Tuesday, August 14, 2018

The Struggle for Twitter Alternatives

Matt Birchler:

The two main ones I see are Micro.blog and Mastodon. Micro.blog is the more popular one right now, it seems, but Mastodon has its fair share of loyal fans. I personally have accounts with both other services, but I don’t really use them reliably. Mastodon because I can’t find anyone on there, and Micro.blog because I don’t like any of the iOS apps available for it.


It’s incredibly hard, and involves a good deal of luck, but if something is going to be a real Twitter successor/alternative, it needs to first and foremost find a way to get a critical mass of people using it. That can be a critical mass of a Twitter sub-culture, but it needs to be some group that moves in mass. App.Net get “Tech Twitter” to move, but it failed to get more than that (or to make them actually leave Twitter), but I don’t see that happening with Micro.Blog or Mastodon yet. I don’t know how you do that, but I think that’s how you get the momentum.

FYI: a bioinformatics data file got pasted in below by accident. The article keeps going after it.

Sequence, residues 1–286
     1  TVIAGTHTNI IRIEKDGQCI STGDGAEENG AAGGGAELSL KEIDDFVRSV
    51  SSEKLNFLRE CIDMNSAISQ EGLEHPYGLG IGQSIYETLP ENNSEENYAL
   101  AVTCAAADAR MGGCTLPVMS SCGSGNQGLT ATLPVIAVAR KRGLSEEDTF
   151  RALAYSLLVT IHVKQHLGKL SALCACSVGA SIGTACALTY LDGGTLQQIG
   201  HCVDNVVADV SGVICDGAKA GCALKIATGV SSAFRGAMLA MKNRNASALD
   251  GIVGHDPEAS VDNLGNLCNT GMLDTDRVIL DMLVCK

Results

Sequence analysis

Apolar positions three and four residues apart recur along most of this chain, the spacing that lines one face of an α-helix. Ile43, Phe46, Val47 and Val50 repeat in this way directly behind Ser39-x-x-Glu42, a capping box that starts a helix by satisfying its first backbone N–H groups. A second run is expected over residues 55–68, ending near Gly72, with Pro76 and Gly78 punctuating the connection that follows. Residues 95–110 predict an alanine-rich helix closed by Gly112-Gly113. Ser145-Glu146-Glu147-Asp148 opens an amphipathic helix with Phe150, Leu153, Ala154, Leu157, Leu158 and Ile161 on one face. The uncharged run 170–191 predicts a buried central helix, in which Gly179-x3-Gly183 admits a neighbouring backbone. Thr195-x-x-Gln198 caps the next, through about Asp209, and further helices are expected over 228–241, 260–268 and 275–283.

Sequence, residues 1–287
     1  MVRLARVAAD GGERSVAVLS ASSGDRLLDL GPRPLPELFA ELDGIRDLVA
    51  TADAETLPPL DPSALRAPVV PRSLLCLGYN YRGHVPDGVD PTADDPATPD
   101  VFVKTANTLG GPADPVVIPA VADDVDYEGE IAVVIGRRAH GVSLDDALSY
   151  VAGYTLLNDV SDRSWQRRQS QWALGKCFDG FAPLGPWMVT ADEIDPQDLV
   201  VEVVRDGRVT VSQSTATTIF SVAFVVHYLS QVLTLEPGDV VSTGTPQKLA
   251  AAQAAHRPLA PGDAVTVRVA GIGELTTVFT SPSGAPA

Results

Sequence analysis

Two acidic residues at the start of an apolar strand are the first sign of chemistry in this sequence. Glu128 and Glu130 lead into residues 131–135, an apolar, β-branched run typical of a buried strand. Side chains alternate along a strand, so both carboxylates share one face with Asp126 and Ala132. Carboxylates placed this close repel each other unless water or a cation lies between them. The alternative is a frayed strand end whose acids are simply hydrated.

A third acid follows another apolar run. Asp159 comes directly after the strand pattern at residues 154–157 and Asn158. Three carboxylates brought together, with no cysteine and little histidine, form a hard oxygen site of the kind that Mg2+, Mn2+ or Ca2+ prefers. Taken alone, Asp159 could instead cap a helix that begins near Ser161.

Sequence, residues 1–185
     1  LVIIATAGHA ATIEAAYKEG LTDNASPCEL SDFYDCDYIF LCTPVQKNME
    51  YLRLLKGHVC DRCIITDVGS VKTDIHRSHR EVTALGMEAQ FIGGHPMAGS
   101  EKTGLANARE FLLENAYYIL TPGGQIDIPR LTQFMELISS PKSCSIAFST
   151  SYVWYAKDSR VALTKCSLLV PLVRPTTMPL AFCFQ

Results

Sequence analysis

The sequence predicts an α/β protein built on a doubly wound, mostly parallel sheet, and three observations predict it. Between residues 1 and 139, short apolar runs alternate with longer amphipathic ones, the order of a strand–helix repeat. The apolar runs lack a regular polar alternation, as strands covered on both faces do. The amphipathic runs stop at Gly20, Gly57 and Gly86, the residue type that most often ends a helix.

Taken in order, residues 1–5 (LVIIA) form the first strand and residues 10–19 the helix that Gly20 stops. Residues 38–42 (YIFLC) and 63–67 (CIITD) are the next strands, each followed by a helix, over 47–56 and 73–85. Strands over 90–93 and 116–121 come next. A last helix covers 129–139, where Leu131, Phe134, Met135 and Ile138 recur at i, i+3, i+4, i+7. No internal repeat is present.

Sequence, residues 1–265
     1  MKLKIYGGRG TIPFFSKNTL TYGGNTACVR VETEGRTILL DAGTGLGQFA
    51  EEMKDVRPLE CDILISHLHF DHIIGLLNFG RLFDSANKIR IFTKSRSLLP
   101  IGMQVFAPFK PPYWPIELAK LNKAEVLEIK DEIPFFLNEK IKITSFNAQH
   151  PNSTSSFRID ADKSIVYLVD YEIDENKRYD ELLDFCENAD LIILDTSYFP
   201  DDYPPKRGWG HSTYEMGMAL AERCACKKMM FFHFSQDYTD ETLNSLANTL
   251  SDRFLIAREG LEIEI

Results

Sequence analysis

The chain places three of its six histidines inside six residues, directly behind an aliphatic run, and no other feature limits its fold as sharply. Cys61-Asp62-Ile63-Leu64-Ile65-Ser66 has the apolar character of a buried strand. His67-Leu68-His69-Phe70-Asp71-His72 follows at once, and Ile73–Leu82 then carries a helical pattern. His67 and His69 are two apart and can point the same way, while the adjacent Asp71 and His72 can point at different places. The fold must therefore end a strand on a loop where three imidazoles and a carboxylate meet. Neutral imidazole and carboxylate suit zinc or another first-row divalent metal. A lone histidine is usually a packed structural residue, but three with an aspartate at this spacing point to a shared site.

It seems unlikely to happen, but I would like a single app that supports multiple networks and integrates the timelines, removing duplicate posts, etc. Otherwise, there’s just a lot of overhead to trying the other ones, since I don’t feel I can leave Twitter.

James Thomson:

I’ll say this about Mastodon, I’ve seen a pretty large percentage of the people I follow setting up accounts in the last 48hrs.

Manton Reece:

Yep, different approach but some similarities. M.b is more about owning your content (using blogs and domain names) and Mastodon is more about Twitter feature parity and federation. Both have answers for curation. But we’ve been purposefully avoiding some Twitter features.